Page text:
Sailing To Brazil – One More Sleep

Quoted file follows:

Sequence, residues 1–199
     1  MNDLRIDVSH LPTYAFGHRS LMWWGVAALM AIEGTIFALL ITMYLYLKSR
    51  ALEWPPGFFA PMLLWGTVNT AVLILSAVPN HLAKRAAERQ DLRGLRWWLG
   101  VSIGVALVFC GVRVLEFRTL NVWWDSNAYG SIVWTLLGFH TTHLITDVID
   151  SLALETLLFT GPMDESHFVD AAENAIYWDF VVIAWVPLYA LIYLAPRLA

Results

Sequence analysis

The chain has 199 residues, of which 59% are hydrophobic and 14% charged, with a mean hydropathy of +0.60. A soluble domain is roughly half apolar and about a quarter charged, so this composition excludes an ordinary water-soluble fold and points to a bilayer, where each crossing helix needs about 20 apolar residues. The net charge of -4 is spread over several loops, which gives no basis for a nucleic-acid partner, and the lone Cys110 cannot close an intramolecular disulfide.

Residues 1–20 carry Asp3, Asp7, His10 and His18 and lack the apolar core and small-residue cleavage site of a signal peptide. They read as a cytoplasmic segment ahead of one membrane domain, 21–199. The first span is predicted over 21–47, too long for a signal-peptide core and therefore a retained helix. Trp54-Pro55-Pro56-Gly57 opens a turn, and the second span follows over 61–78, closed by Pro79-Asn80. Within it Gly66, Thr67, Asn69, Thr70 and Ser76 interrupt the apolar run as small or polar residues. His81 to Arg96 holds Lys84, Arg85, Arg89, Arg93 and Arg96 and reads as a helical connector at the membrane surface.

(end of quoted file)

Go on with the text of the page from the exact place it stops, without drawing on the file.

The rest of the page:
This leg is up there as being one of the most frustrating and stressful trips for us to date. It’s been particularly dramatic since leaving St Helena, but we’ve proved one thing. When faced with a complete disaster and over 800-nautical miles of manual steering, we’ve managed to work through it together as a team – and tomorrow we will make landfall. Without sounding like an Oscar speech, there are a few people on land who have been instrumental in their research, advice, thoughts and help over the last few days. So a big thank you to Tim in Menorca, Si in Australia, Derek in New Zealand, Rod and Eneias in the UK – and a huge shout out to Nigel, our 2D land crew for keeping us updated daily with news, your Facebook comments, and being our ‘Google-go-to’. To those who have commented on our FB posts, we thank you too for your many messages of support and encouragement. And yes, Clare Wigfield, it has at times fel t like we’ve been in the Bermuda Triangle! But we’re on the final furlong; the wind has died, the engines are on and, all being well, we will arrive at the anchorage at Fernando de Noronha tomorrow morning. Once we’ve checked in, we will kick-start a list of repairs and fixes to the autopilot, hydraulic rudders and parasail. At this stage, we don’t know how long our stop over will be or when the next leg will start. Hoping for a bit of playtime in between jobs to show you what Fernando is like. At seven square miles, it’s the largest of 21 volcanic islands and islets that are situated 220 miles off Brazil’s north-east coast. It’s the only island which is inhabited - with 3,100 residents as well as a huge pod of spinner dolphins. We can’t wait to drop anchor and imbibe on a Caipirinha or two, Brazil’s national cocktail :- ) Total miles sailed in 48 hours: 238 Total miles to go to Fernando de Noronha: 116 Date: Wednesday 15th March 2023 Photo: Ferg on the helm at sunset © Two Drifters Travel Sent from Iridium Mail & Web.